Not to be overlooked is the German state’s commitment to ‘sound money’, based on the principles of ordoliberal (or neo-classical) economics. Whilst the political goal of integration took the headlines in German European policy, there was a separate motivation that saw an integrated Europe as offering a market-place for German trade. The decline in ‘integrationism’ and the euro-zone crisis has brought this ‘sound money’ approach to the fore. This is the fourth explanation.
The ordoliberal approach sees little need for economic policy coordination across the euro-zone, providing that all states are following the correct ‘sound money’ policies. Its approach to trade imbalances is that other states should make competitive adjustments. Germany’s huge trade surpluses might be destabilising, but it is others who should adjust. The ‘sound money’ approach is also opposed to euro-bonds (and even the intervention by the European Central Bank (ECB) with ‘Outright Monetary Transactions’) on the basis of the resultant moral hazard.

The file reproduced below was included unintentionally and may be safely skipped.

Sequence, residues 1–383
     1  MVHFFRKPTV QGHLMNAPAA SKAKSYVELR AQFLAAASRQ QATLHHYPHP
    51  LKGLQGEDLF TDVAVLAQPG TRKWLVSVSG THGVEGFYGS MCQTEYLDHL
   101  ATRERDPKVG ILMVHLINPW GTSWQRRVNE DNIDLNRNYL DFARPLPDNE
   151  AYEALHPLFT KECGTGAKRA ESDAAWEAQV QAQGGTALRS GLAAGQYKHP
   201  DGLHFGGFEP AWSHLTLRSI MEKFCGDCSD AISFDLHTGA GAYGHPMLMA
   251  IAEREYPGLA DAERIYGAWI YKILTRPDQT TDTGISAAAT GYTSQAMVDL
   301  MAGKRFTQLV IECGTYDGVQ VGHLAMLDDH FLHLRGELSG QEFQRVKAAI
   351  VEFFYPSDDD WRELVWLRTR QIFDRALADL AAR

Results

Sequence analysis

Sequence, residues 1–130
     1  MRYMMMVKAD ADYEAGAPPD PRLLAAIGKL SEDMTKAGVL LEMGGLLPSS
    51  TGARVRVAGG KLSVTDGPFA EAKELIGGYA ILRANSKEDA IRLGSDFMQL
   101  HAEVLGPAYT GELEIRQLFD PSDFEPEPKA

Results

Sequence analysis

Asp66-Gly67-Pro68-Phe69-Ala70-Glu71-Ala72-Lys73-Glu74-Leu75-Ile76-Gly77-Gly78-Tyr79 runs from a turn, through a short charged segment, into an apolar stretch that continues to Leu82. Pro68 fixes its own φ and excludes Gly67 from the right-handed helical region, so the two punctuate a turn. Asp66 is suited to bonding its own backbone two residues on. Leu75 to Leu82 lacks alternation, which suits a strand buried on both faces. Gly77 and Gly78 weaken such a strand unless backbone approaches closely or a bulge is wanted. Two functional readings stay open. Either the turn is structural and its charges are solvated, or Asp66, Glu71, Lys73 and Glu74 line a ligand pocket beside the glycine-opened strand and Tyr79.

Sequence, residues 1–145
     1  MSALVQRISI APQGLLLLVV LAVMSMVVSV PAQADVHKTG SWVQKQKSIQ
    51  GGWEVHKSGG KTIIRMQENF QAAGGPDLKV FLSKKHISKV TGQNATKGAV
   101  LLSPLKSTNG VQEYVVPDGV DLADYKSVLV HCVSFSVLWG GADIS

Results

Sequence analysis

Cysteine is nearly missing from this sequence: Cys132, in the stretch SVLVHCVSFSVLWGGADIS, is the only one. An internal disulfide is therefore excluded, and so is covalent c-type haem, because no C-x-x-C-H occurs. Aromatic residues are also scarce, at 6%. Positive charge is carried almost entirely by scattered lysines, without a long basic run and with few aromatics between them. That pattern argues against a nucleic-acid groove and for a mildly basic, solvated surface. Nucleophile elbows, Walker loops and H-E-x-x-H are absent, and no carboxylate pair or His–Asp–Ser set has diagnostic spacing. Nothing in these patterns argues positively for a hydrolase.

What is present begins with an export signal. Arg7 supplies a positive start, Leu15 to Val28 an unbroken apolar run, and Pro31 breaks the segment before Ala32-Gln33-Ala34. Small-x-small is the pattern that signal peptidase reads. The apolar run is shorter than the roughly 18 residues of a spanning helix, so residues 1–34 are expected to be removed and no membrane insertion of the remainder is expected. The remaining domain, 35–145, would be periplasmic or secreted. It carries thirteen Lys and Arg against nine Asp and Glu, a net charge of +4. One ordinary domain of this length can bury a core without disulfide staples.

The fifth explanation is that Germany has been especially influential within the Troika in shaping both euro-zone bailout terms and wider policy measures, like the Fiscal Compact. In the latter, it secured legally binding budget rules for euro-zone states, comparable to its own recently agreed domestic rules. On the bailouts, it has stuck to a policy of conditionality, stipulating ‘haircuts’ of bondholders (Greece) and bank deposit holders (Cyprus). Alas, the underlying assumption that debtor states can swiftly adjust to German levels of competitiveness and debt looks unrealistic.
Together, these factors have raised concerns about German hegemony. So, are these fears justified? The answer is: Yes, but …